Director Craig Zobel Talks To This Recording About Sharking, Scams, Strongbad, And Cheerwine
by George Ducker
Mean Old World – Sam Cooke: mp3
Craig Zobel was an internet pioneer when we were still ploughing the playground sandbox. He invented the character of Strongbad from early e-meme explosion Homestar Runner, and worked on David Gordon Green‘s films before directing his own, The Great World Of Sound, released in theaters today.
THIS RECORDING: How do you like New York, as a place to live?
CRAIG ZOBEL: I like it a lot here, it’s really good. I mean, it’s been really humid and kind of miserable-feeling, but overall I really love New York, it’s great. Really awesome.
TR: And you picked it over LA? For any specific reason?
CZ: Yeah, I tried living in LA for awhile. For eight months back in 2000 or 2001. The big problem is that I’m not really into driving very much. I’m from Atlanta which is this massive driving town, and moving out to LA was just a larger version of that same phenomenon. It makes me ill to drive more than an hour to get somewhere that I know is really far away.
Wide World – Alton and Hortense Ellis: mp3
TR: Driving into Atlanta is the closest thing to hell I can think of. When I was seventeen, coming in on I-85 just terrified me.
CZ: Yeah (laughs) it was bad.
TR: No! It was literally the scariest experience of my youth.
CZ: At least in LA, there’s city streets and you can get around the freeway stuff, but in Atlanta…I think there’s something fundamentally not right about sitting in the car for a really long time. It isolates you and makes you less considerate of others. You develop this sense of entitlement, because you’re just by yourself, in a car, trying to make sure you get somewhere faster than everybody else.
TR: There’s a whole different behavior pattern when people are forced into reacting with one another physically, like walking around on the street.
CZ: All that talk about people in New York being mean is hilarious. Try untying one of your shoes and walking a block and you’ll have three people stop you and say, Hey man, your shoe’s untied.
Digital World – Kelis: mp3
TR: If you had your way then, you’d abolish the car?
CZ: No! I’m not the guy who runs around going to political activist bicycle rallies. I just think that from now on, wherever I move, I just don’t think a car should be essential to getting myself around. Public transportation is key.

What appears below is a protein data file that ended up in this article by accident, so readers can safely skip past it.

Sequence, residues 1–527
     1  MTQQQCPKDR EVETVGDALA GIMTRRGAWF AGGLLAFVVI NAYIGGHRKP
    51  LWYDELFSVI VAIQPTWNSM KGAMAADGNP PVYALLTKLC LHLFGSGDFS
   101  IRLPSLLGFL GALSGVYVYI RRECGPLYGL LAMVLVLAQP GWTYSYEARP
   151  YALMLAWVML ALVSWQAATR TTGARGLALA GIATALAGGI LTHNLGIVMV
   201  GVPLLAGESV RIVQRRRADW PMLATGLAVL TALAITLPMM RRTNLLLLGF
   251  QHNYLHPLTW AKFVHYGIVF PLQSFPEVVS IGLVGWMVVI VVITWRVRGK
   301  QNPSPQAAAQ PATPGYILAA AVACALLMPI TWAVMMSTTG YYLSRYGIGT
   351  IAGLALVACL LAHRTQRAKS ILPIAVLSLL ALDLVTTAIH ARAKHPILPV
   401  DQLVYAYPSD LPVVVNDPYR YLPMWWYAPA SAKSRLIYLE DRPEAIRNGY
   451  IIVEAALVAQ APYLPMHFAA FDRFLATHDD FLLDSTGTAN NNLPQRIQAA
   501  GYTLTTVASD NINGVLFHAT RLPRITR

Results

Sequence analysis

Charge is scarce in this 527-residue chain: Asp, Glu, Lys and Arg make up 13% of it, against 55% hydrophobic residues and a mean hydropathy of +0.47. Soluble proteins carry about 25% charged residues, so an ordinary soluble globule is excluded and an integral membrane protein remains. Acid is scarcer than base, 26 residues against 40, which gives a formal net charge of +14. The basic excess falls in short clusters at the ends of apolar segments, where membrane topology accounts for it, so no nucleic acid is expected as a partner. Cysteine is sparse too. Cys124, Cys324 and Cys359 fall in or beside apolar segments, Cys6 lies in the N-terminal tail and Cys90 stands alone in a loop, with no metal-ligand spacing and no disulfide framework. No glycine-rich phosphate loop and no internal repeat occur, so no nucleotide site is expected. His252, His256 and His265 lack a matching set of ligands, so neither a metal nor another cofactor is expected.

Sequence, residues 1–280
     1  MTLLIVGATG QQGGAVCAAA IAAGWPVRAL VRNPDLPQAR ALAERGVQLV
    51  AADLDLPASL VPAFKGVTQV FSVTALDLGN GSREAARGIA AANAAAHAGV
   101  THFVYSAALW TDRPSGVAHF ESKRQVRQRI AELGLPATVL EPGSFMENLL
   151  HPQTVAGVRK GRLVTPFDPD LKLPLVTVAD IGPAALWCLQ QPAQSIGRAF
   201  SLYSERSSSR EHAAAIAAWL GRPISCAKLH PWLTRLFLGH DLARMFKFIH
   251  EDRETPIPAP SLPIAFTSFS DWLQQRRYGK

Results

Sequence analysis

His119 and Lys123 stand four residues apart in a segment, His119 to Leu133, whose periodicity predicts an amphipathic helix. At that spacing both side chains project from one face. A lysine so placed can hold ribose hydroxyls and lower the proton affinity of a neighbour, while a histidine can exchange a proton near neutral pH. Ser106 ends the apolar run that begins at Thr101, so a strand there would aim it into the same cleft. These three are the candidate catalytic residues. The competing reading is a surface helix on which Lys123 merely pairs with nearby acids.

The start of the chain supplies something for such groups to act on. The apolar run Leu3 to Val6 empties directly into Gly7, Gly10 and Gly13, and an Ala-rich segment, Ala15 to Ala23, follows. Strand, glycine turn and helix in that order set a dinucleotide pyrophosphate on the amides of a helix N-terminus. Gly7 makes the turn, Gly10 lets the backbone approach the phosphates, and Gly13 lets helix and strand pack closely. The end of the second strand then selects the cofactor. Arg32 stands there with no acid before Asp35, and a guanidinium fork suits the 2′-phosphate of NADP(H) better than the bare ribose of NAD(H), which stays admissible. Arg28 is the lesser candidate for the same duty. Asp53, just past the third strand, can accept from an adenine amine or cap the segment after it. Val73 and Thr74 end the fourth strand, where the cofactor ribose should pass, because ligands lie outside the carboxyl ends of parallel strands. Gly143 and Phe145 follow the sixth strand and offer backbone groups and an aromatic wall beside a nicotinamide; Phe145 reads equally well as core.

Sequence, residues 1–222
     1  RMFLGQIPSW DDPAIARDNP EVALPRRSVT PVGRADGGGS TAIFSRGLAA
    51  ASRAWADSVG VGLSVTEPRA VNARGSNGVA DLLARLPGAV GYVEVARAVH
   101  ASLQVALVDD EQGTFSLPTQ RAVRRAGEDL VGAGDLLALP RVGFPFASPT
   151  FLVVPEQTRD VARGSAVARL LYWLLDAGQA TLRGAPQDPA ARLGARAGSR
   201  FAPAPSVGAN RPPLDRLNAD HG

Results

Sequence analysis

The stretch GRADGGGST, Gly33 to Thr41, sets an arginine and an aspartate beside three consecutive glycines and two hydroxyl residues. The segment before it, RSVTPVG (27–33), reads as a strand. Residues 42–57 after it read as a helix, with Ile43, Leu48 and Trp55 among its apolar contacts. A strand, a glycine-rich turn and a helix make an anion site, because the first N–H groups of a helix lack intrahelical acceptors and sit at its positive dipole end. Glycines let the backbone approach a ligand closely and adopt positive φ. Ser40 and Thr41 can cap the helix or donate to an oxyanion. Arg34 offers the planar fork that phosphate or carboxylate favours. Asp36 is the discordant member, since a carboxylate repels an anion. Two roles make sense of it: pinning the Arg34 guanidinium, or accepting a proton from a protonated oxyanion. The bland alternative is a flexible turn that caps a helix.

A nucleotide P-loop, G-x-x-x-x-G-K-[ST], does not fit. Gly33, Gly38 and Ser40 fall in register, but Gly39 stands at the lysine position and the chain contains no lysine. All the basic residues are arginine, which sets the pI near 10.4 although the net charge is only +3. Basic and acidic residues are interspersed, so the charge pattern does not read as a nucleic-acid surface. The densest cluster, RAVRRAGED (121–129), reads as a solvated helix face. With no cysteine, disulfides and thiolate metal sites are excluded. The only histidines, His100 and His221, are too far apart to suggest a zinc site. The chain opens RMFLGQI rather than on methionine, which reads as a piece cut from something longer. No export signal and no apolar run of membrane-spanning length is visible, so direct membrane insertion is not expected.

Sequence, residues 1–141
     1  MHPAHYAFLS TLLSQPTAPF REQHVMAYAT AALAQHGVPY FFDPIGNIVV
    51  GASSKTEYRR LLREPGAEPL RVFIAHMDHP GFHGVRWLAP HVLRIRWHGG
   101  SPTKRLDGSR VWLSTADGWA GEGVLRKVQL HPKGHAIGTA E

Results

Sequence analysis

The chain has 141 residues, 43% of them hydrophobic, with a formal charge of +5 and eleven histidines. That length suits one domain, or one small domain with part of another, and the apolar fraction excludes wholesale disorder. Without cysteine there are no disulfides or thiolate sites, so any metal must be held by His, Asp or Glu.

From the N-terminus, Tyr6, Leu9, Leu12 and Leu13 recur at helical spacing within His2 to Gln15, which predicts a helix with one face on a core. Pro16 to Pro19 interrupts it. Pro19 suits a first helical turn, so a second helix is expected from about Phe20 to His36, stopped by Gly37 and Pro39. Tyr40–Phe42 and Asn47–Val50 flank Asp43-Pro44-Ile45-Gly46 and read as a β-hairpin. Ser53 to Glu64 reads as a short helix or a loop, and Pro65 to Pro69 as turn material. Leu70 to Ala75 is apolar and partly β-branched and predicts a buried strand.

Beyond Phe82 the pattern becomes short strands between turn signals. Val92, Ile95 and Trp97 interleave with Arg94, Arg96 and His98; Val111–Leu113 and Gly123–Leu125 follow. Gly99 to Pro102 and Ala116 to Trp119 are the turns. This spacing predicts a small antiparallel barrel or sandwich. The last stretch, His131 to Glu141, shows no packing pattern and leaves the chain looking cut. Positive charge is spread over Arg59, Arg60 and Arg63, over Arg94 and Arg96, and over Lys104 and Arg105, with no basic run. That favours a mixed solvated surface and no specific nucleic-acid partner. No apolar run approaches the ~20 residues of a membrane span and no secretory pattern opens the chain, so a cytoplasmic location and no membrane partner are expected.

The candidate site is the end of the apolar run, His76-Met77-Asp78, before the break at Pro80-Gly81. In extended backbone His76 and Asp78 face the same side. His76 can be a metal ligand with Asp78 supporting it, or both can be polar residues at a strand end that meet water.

TR: I imagine you had to do a bit of driving for the film. You guys went to Birmingham and Biloxi, right?
CZ: (Laughing) We didn’t! We faked all that. It was all shot in Charlotte, North Carolina. It’s movie magic. We tried to pick places that were not really identifiable as any specific town. Mostly we shot in these run-down hotels which are the pretty much the same everywhere you go in the South.
The World’s A Mess – X: mp3
TR: In the film, Pat Healy’s character is stuck spinning his wheels in Charlotte, but you make it seem pretty charming and likeable as a place to be stuck in. I say this because I don’t like Charlotte at all, but…
CZ: I don’t like Charlotte either. I set it there because I don’t like Charlotte. You just get this vibe that the whole town rose out of the ground in like, 1979. Or even 1990. It just became this big city from pretty much out of nowhere. And they brag a lot. In the local newspaper they’re all the time comparing themselves to Atlanta. About how much cooler they are. I mean they have this downtown arts district that they just created like five years ago. They’re so proud of themselves, like We made this arts district happen.
TR: Your father worked for a record company similar to the one in the film, right?
CZ: He was a DJ on AM radio for a long time. When he moved to Atlanta, Georgia, he got a job at a producing company for a short period of time. That was basically the kernel that became the story line for the film.
TR: Did he go out and recruit?
CZ: Yeah. He got into it, but he wasn’t as naïve about it. My dad figured out what was going on and got out pretty quickly. The funny part is that these kind of music scams aren’t really illegal. Most of the time, they’re just promising people things that they shouldn’t be promising.
There’s A World (Live At Massey Hall 1971) – Neil Young: mp3
TR: And if you don’t sign on the dotted line you don’t owe them anything?
CZ: They’re promising you that they’ll send your song to a bunch of radio stations, and that they’ll press X amount of copies of your CD. A friend told me a story the other day—he was working as a recording engineer in New York City studio. These song sharks would come in and record an act and then once that act left, they would just tape over that performance with the next act that came through the door.
TR: And so the acts would come in, pay and then leave?
CZ: Back in the day, these companies would print up a few 45’s and mail them to the radio stations, but the problem was that the radio stations wouldn’t have asked for them, so they’d just end up in the trashcan.
Strong Bad doesn’t care how you spell things on the internet and neither do we really